The word “Kadalamma” meaning Mother Ocean has been used for many generations to refer to the sea.
Indigenous fisherman, marine researcher and Chevening scholar Kumar Sahayaraju, gave the January 2022 seminar as part of the Seabed Habitats Seminar Series. Kumar spoke of the indigenous knowledge of the Mukkuva indigenous fishing community in India. The community has seen a close connection with the sea for generations and depend on it for their livelihood. Due to the increasing pressures of large scale industrial development at this coast, marine habitats rich in biodiversity have deteriorated after being neglected. Kumar brought attention to this issue through his seminar and by fostering collaborations with scientists as well as the general public. Citizen science initiatives involving the indigenous fishermen, ocean literacy initiatives to encourage a greater connection with the ocean habitats, and more extensive scientific insights into management are all possible solutions. Furthermore, indigenous knowledge needs to be adequately recorded and documented in order to be preserved for future generations. We would like to cordially thank Kumar for joining us and bringing light to this issue, which has parallels around the world.
Happy new year for 2022! We are pleased to announce that Kumar Sahayaraju, Chevening Scholar, fisherman, and indigenous marine researcher at University of Sussex, UK will be giving a seminar on Tuesday 25th January at 1300 GMT on “Seabed ecosystems and Indigenous livelihoods in Southwest coast of India.”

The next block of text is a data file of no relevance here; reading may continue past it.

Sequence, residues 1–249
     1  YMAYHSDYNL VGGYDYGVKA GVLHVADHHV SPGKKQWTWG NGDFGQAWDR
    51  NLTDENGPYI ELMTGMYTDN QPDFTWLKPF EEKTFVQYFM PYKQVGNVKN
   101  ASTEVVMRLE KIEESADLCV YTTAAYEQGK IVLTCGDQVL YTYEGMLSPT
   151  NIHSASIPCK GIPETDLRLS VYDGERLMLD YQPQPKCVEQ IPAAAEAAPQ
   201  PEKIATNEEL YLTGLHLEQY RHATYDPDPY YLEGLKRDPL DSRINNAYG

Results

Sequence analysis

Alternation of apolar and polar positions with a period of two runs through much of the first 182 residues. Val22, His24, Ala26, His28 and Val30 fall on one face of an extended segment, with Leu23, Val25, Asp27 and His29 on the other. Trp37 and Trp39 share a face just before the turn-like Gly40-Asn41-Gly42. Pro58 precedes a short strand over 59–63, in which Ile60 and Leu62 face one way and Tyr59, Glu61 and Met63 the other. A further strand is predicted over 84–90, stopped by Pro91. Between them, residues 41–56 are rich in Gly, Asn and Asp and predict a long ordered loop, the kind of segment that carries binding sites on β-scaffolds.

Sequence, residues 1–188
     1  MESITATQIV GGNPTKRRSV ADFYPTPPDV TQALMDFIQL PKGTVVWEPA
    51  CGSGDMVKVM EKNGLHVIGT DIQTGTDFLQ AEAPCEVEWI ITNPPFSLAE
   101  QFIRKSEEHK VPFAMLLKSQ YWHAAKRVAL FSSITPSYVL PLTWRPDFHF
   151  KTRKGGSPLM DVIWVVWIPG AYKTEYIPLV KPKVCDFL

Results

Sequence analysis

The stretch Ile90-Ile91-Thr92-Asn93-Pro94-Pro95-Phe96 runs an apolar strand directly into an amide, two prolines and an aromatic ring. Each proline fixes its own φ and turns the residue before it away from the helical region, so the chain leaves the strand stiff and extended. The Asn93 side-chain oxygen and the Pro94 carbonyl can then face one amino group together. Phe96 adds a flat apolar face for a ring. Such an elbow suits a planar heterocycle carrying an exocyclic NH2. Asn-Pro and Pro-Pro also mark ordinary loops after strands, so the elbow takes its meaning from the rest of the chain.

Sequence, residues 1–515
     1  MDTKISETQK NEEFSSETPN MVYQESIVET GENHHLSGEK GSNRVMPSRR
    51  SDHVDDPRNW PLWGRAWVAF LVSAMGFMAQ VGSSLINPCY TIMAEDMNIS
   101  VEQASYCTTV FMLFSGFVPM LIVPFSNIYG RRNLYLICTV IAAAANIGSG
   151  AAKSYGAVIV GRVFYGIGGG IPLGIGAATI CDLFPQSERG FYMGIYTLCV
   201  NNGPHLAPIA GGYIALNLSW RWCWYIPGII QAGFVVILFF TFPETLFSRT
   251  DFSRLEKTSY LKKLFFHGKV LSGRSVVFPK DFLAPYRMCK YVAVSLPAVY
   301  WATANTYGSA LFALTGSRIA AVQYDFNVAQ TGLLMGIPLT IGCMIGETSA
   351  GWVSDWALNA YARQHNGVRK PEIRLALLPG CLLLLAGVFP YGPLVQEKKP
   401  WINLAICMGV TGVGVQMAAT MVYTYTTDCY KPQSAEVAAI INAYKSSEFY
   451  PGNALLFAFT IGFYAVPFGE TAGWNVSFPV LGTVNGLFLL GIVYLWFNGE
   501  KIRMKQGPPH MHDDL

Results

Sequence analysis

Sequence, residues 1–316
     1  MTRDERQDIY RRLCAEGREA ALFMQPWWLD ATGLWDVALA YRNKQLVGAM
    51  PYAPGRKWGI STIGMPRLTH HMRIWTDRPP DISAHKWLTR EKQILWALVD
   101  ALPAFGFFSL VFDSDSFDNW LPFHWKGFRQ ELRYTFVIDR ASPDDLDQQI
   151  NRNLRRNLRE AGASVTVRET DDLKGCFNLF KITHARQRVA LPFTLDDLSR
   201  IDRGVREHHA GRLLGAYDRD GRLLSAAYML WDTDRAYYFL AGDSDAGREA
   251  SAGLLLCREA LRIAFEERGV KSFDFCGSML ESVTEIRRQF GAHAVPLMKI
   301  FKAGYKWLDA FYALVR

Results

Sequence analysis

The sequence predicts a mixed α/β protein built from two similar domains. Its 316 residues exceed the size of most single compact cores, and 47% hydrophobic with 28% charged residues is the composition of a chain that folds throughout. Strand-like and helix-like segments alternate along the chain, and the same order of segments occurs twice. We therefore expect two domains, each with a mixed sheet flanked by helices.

It is identified by the indigenous fishers that Southeastern Arabian Sea has several biodiversity-rich reefs. Most of the reefs are rocky, some of them shaped like platforms. There are also sandy reefs and those developed over shipwrecks. Colonies of corals and mussels comprise much of the reef biodiversity, and support livelihoods of more than 300,000 artisanal fishers engaged in sustainable fishing. The local artisanal fishing practices involve a deep understanding of seabed morphology, seasonal variations in weather and sea state, seasonal climatic factors, astronomical objects and marine biodiversity. Amidst concerns about large-scale biodiversity loss in recent years these reefs are also challenged by anthropological and climate pressures. Much of the biodiversity in these regions is poorly documented in the scientific literature, and yet the Indigenous and local knowledge of many areas is extensive, but often overlooked. The session discusses about the importance and features of seabed ecosystem as a livelihood source of indigenous fishers in South India.
Biography: Kumar Sahayaraju is an emerging Marine Biotechnologist from an indigenous fishing community in South India. Being an Engineer in Biotechnology and a scuba diver, he has the experiences of working with organisations like Friends of Marine Life (FML), an indigenous marine research organisation in Kerala and M.S.Swaminadhan Research Foundation (MSSRF) with a capacity of marine researcher and community youth leader. He is doing sea bed ecosystem studies on the Southwest coast of India and documenting the biodiversity by incorporating the knowledge of the Mukkuva indigenous fishing community in India. As a founding member of Coastal Students Cultural Forum (CSCF), he undertakes marine environment related voluntary activism and promoting ocean literacy with coastal youth and graduate students. He has graduated from University of Stirling with a prestigious UK Chevening Scholarship. He is currently working as research assistant for University of Sussex, UK and volunteering as with Radio Kadal-Community radio for fishermen in Trivandrum. In addition to this, he is volunteering with Climate Science, Ireland on Climate Education in India. He is frequently engaging on climate change, conservation of marine resources and issues of indigenous Fisherfolk in South India.
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